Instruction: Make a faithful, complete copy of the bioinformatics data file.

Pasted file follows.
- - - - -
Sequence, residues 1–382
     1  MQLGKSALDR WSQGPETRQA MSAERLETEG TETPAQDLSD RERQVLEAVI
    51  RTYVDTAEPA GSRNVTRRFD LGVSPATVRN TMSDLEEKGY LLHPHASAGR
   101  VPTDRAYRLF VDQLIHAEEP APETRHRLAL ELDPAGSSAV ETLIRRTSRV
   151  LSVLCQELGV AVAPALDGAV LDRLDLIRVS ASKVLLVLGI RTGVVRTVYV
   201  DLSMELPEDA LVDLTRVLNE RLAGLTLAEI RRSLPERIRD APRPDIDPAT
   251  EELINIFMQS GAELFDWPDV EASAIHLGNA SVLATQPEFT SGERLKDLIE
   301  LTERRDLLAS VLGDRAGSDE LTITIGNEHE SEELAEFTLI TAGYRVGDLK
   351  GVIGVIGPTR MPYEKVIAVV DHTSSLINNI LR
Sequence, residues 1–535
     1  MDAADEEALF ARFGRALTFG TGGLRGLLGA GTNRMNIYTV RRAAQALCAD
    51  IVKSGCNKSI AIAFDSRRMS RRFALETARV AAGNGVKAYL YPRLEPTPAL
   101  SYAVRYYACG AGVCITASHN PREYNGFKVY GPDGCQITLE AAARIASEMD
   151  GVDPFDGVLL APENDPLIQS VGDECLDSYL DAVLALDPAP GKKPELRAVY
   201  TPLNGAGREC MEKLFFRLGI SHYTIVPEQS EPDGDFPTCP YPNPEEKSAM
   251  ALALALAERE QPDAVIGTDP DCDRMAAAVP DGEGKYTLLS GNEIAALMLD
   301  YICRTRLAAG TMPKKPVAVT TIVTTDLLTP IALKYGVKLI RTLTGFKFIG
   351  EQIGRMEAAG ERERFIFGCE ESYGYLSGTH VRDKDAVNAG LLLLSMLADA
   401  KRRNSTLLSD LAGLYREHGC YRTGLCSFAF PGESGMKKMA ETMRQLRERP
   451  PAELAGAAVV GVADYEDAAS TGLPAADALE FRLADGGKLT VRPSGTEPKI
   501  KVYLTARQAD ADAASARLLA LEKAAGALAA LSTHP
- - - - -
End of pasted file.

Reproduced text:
Sequence, residues 1–382
     1  MQLGKSALDR WSQGPETRQA MSAERLETEG TETPAQDLSD RERQVLEAVI
    51  RTYVDTAEPA GSRNVTRRFD LGVSPATVRN TMSDLEEKGY LLHPHASAGR
   101  VPTDRAYRLF VDQLIHAEEP APETRHRLAL ELDPAGSSAV ETLIRRTSRV
   151  LSVLCQELGV AVAPALDGAV LDRLDLIRVS ASKVLLVLGI RTGVVRTVYV
   201  DLSMELPEDA LVDLTRVLNE RLAGLTLAEI RRSLPERIRD APRPDIDPAT
   251  EELINIFMQS GAELFDWPDV EASAIHLGNA SVLATQPEFT SGERLKDLIE
   301  LTERRDLLAS VLGDRAGSDE LTITIGNEHE SEELAEFTLI TAGYRVGDLK
   351  GVIGVIGPTR MPYEKVIAVV DHTSSLINNI LR
Sequence, residues 1–535
     1  MDAADEEALF ARFGRALTFG TGGLRGLLGA GTNRMNIYTV RRAAQALCAD
    51  IVKSGCNKSI AIAFDSRRMS RRFALETARV AAGNGVKAYL YPRLEPTPAL
   101  SYAVRYYACG AGVCITASHN PREYNGFKVY GPDGCQITLE AAARIASEMD
   151  GVDPFDGVLL APENDPLIQS VGDECLDSYL DAVLALDPAP GKKPELRAVY
   201  TPLNGAGREC MEKLFFRLGI SHYTIVPEQS EPDGDFPTCP YPNPEEKSAM
   251  ALALALAERE QPDAVIGTDP DCDRMAAAVP DGEGKYTLLS GNEIAALMLD
   301  YICRTRLAAG TMPKKPVAVT TIVTTDLLTP IALKYGVKLI RTLTGFKFIG
   351  EQIGRMEAAG ERERFIFGCE ESYGYLSGTH VRDKDAVNAG LLLLSMLADA
   401  KRRNSTLLSD LAGLYREHGC YRTGLCSFAF PGESGMKKMA ETMRQLRERP
   451  PAELAGAAVV GVADYEDAAS TGLPAADALE FRLADGGKLT VRPSGTEPKI
   501  KVYLTARQAD ADAASARLLA LEKAAGALAA LSTHP